From synthetic methodology to making molecules with a mission – a research summary of the first 10 years

van Otterlo, Willem (2011-06)

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Willem van Otterlo was born in Amsterdam, The Netherlands. As a child he moved to Southern Africa and received his primary and secondary schooling in Windhoek, Namibia, and Johannesburg, South Africa. In 1989 he started his BSc and in 1999 he graduated with a PhD that involved the synthesis of analogues of the michellamines. The PhD was performed under the mentorship of Profs CB de Koning and JP Michael at the School of Chemistry, University of the Witwatersrand (WITS), Johannesburg. He then spent two years in the research group of Prof. Stephen Hanessian (University of Montreal, Quebec, Canada) as a postdoctoral fellow, involved in projects focused on medicinal chemistry and synthesis utilising peptide-based building blocks. In 2001 he returned to his alma mater to take up a lecturing position and initiated a research programme involving the application of organometallic reagents to the synthesis of small benzo-fused molecules, eventually attaining the rank of Associate Professor. In July 2008 he joined Prof. Dr Herbert Waldmann’s Chemical Biology group at the Max Planck Institute, Dortmund, as a von Humboldt (Georg-Forster) Research Fellow for a sabbatical year to learn more about the interaction between chemistry and biology. He then took up the Chair of Organic Chemistry at Stellenbosch University, Western Cape. Since June 2010 he has been striving to nurture a team environment at the Department of Chemistry and Polymer Sciences so that organic and medicinal chemistry research can be performed in collaboration with talented colleagues. His current research interests are focused on the synthesis of small molecules with potential bioactivity, particularly molecules based on natural templates such as pancratistatin, podophyllotoxin, colchicine and purpurogallin, as well as research focused on the design of better ligands for enzymes (kinases and phosphatases) and nuclear receptors (estrogen receptor).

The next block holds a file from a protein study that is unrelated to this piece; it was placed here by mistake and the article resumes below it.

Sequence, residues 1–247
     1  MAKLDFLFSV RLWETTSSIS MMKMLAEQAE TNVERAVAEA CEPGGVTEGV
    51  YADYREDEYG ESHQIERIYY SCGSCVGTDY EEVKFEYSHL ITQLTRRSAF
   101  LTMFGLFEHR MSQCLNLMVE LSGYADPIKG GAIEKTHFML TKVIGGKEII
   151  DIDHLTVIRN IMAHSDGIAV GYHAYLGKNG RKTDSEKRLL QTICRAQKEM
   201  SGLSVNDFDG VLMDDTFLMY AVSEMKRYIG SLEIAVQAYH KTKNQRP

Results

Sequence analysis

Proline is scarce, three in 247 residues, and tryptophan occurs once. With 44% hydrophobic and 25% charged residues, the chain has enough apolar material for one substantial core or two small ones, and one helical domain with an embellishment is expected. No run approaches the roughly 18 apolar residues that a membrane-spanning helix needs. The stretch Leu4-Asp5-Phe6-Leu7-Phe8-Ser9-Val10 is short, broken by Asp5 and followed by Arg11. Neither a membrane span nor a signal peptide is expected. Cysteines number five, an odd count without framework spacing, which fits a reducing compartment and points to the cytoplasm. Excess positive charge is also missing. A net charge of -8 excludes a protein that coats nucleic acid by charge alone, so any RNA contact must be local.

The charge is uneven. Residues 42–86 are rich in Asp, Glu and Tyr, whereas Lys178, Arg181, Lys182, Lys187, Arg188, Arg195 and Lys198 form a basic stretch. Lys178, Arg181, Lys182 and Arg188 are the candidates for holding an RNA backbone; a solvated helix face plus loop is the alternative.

Please refer to this item in SUNScholar by using the following persistent URL: http://hdl.handle.net/10019.1/86823
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